Adapted from Michael Mohammed Ahmad’s novella of the same name, The Tribe is a gorgeous and evocative monologue performed with a solo cello, telling the stories of an Arab-Australian family living in Sydney’s western suburbs. And, rather appropriately, it’s performed in a backyard.
We see the family through the eyes of a young boy, Bani Adam, played by Hazem Shammas. Bani is part of a small group of Shiite Muslims — the eponymous “Tribe” — living in Lakemba. Most of the narrative centres around the death of Bani’s beloved golden-skinned grandmother, his Tayta, and the impact that has upon the family.
Shammas is an extraordinary story-teller, and the marriage of his performance and the text is the work’s great strength. When Bani describes the gravy-filled, chunky deliciousness of the meat pies from his primary school, you can basically hear the audience salivating. When he describes the wild dancing of all his relatives at a bustling wedding, you almost want to join in.
Shammas’ delivery, as well as Janice Muller’s direction, is perfectly calibrated for this very intimate space. He uses a microphone — presumably because the acoustics of a backyard are somewhat unpredictable — but there’s nothing standing between us and him, save for a long thin footlight running along the ground.
He’s joined by cellist Oonagh Sherrard, who has composed an Arabic-influenced soundtrack which matches the rhythms of Bani’s stories perfectly.
I’m not sure how many of the anecdotes written by Ahmad are autobiographical, but it’s easy to imagine all of this actually happened. There’s an emotional specificity which makes this entire monologue feel like somebody’s cherished memories, and sharing them in a backyard is a very intimate act.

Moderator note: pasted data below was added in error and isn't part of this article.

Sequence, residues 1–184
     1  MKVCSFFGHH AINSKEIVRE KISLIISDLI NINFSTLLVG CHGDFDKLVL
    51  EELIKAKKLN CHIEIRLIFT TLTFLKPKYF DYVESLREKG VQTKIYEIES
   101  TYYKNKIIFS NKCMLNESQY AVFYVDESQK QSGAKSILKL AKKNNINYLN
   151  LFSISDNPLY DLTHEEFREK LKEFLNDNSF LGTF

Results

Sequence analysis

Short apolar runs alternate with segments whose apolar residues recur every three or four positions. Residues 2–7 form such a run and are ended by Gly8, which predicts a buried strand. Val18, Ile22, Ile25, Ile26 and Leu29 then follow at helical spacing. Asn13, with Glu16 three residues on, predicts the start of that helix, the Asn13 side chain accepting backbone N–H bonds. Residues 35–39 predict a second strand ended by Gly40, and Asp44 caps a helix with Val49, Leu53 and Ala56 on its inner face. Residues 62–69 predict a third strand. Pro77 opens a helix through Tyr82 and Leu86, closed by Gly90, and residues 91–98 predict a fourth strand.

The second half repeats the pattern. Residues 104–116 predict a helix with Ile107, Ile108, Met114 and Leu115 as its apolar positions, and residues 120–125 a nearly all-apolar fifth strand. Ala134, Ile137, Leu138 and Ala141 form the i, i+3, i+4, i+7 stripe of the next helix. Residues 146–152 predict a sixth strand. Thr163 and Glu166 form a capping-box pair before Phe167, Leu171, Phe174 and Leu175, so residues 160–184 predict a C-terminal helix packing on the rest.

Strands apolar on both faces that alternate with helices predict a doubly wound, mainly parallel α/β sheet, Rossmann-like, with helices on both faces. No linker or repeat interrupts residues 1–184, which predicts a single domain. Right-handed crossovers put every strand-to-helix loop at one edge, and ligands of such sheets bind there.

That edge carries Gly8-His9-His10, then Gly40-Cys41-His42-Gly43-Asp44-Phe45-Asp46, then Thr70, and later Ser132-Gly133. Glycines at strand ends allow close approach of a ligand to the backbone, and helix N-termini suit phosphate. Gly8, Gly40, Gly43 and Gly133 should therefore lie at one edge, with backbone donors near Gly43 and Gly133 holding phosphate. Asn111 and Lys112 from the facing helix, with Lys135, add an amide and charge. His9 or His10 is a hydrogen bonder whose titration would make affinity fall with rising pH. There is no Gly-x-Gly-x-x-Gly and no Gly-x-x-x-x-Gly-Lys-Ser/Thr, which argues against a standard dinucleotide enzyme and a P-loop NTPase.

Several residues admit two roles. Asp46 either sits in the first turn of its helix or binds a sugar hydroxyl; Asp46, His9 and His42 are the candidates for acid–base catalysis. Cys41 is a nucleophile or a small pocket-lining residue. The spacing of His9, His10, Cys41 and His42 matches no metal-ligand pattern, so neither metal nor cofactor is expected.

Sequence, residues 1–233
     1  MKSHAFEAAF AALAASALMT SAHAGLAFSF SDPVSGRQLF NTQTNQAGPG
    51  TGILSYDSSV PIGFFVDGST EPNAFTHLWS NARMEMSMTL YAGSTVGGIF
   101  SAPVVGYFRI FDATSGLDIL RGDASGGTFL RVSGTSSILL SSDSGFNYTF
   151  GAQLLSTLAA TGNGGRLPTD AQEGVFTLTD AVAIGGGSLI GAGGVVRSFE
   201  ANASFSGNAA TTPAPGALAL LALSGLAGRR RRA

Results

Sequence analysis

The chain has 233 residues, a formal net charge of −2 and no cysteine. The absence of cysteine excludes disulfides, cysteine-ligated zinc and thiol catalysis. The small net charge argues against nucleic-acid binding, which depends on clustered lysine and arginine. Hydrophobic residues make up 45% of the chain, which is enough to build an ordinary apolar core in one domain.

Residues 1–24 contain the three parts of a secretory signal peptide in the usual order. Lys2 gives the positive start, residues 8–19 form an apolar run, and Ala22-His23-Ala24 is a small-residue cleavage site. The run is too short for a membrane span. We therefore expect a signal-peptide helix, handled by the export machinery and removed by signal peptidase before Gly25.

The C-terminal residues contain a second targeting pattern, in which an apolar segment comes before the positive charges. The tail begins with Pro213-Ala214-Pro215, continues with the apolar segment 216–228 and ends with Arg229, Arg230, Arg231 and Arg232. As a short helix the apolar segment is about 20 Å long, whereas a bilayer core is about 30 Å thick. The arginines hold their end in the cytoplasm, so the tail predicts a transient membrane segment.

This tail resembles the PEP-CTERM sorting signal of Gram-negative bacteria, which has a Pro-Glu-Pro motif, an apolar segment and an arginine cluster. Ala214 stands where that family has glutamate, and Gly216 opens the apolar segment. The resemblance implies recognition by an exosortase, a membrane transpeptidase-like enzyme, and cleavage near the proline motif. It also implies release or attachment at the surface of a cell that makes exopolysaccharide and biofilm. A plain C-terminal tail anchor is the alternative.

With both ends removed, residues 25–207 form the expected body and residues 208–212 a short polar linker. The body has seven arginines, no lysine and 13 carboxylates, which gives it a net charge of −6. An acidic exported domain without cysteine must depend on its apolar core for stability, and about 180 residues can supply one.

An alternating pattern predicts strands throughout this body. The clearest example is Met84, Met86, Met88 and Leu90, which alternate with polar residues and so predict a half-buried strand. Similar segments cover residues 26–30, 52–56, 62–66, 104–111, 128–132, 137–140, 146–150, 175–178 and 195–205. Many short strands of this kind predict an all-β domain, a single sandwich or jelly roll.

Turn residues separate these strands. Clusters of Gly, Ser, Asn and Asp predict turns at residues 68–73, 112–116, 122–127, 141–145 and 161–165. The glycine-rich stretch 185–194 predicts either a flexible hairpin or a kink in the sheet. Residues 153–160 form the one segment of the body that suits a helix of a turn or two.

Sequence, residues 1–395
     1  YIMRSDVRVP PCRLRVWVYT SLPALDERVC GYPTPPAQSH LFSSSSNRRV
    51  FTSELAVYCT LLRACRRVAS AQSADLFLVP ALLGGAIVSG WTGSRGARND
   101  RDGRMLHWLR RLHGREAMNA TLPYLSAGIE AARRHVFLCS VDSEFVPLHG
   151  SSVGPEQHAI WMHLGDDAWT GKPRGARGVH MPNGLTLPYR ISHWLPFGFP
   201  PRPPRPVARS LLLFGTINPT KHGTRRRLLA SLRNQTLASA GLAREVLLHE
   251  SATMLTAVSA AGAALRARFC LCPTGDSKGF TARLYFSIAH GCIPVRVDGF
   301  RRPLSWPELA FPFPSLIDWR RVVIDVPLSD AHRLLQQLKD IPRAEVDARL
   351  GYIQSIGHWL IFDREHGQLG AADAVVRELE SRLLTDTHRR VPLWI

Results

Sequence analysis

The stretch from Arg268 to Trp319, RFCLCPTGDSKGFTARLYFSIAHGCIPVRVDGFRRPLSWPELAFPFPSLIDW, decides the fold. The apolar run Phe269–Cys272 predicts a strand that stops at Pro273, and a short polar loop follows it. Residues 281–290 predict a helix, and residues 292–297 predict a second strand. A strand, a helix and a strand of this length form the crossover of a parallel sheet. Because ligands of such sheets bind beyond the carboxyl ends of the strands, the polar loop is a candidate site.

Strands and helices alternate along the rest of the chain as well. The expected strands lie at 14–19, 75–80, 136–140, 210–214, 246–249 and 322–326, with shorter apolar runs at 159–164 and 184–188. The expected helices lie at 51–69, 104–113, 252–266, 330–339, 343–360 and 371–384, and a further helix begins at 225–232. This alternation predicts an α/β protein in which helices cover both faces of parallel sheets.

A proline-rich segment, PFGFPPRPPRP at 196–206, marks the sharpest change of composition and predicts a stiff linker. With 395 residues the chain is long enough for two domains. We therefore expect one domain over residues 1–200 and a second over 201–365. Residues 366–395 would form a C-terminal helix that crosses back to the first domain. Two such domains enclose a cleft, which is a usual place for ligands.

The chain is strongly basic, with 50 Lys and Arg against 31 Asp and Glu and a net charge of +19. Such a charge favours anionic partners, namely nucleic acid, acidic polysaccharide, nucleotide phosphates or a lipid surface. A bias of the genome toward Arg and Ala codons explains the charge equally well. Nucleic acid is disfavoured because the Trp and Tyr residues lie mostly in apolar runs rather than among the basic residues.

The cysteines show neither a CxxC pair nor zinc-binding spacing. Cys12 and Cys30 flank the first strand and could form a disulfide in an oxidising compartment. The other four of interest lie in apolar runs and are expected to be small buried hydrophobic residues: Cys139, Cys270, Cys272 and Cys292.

Site specific theatre mightn’t be a new thing, but it’s unusual for larger companies like Belvoir. The work premiered at last year’s Sydney Festival in a backyard in Sydney’s western suburbs, and it will make its way around various Surry Hills backyards over the next few weeks. The audience is invited to pull up a picnic rug, a milk crate or a very lo-fi stool to hear Bani’s story.
So why the backyards? The piece really could be performed anywhere and doesn’t specifically reference its environment. But why not take it out of the regular theatre spaces and into a place that we understand as an intimate, personal meeting space for families? There’s something magical about a balmy summers evening in a backyard — the people at Belvoir were even smart enough to provide mosquito repellent!
In Ahmad’s program note, he describes the novel as his “attempt to counteract the limited and simplistic representation that the Arab-Australian Muslim communities of Western Sydney have received to date, and to offer a broader, more intimate understanding.”
This is certainly a work that does that, but it never feels quite so political in its execution. At its core, these stories are about family, history and love.
Definitely worth a visit for a theatrical experience that’s moving and just a little bit left-of-centre.